AAP: New Guidelines Issued for SIDS, Sleep-Related Deaths
Additions include recommending breast-feeding, immunization, not using bumpers in crib
TUESDAY, Oct. 18 (HealthDay News) -- To reduce the risk of sleep-related infant deaths, including sudden infant death syndrome (SIDS), infants should be breast-fed, receive all immunizations, and bumper pads should not be used in their cribs, according to a policy statement by the American Academy of Pediatrics (AAP) published online Oct. 17 in Pediatrics to coincide with its presentation at the annual conference of the AAP, held from Oct. 15 to 18 in Boston.
Rachel Moon, M.D., from the AAP SIDS task force, and colleagues updated the AAP's 1992 safe sleep for babies guidelines to provide global recommendations for education and safety to reduce all sleep-related infant deaths, including SIDS.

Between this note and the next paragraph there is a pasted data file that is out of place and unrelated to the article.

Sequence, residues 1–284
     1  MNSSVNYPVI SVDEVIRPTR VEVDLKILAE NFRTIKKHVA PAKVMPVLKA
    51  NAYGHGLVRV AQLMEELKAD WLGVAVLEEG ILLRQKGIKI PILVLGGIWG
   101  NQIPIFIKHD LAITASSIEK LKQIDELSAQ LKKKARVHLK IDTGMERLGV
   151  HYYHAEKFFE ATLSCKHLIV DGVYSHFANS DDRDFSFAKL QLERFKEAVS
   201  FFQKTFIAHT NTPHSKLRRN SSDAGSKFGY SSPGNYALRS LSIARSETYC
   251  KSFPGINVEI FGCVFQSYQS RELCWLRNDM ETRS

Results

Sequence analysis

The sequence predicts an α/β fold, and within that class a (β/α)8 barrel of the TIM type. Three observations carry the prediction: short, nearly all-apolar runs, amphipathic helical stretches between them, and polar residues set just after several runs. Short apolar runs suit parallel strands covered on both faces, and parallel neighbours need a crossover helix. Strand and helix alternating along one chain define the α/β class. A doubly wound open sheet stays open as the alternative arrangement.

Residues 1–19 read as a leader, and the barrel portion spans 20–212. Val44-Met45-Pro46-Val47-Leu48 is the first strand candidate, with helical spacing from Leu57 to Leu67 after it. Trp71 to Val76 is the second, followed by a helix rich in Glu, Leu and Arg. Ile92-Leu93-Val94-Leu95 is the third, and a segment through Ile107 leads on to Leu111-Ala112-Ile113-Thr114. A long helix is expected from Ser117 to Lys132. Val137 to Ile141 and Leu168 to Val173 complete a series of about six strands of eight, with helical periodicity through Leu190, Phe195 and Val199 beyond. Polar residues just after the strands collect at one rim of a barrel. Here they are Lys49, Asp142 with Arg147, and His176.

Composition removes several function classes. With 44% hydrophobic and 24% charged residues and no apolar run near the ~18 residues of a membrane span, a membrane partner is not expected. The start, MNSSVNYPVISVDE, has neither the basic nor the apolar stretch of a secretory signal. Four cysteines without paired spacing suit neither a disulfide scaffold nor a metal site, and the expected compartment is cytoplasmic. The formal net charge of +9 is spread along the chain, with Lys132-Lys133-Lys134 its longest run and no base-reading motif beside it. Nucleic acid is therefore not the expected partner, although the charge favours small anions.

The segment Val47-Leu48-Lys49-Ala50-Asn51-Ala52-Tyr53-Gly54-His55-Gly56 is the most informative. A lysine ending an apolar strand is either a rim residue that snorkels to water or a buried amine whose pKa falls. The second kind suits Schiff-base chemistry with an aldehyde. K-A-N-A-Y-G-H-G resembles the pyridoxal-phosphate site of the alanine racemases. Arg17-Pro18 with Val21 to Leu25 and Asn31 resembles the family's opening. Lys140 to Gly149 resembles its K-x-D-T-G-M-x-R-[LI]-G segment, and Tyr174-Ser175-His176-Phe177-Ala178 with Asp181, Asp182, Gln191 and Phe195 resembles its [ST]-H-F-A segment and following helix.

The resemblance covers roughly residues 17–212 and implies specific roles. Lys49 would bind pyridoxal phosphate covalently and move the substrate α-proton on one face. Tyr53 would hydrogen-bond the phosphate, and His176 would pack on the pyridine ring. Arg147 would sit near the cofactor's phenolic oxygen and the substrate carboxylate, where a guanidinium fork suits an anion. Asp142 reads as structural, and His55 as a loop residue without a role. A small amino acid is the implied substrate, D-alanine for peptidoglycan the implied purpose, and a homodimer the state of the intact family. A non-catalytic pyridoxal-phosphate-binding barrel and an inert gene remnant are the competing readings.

The authors reported three additions to existing recommendations: infants should be breastfed, receive all recommended vaccinations, and bumper pads should not be used in their cribs. Other recommendations included placing babies on their back for every sleep time, on a firm surface, without covering the infant's head or overheating. Babies should share a room but not a bed with parents, and should be offered a pacifier at bed and nap time. No soft objects or loose bedding should be used in the crib. Use of wedges and positioners, home monitors, or commercial devices should be avoided. Babies should be placed on their tummy under supervision when awake. Women should have regular prenatal care and avoid smoking during pregnancy and after giving birth.
"There needs to be more education for health care providers and trainees on how to prevent suffocation deaths and to reduce SIDS and other sleep-related infant deaths," Moon said in a statement.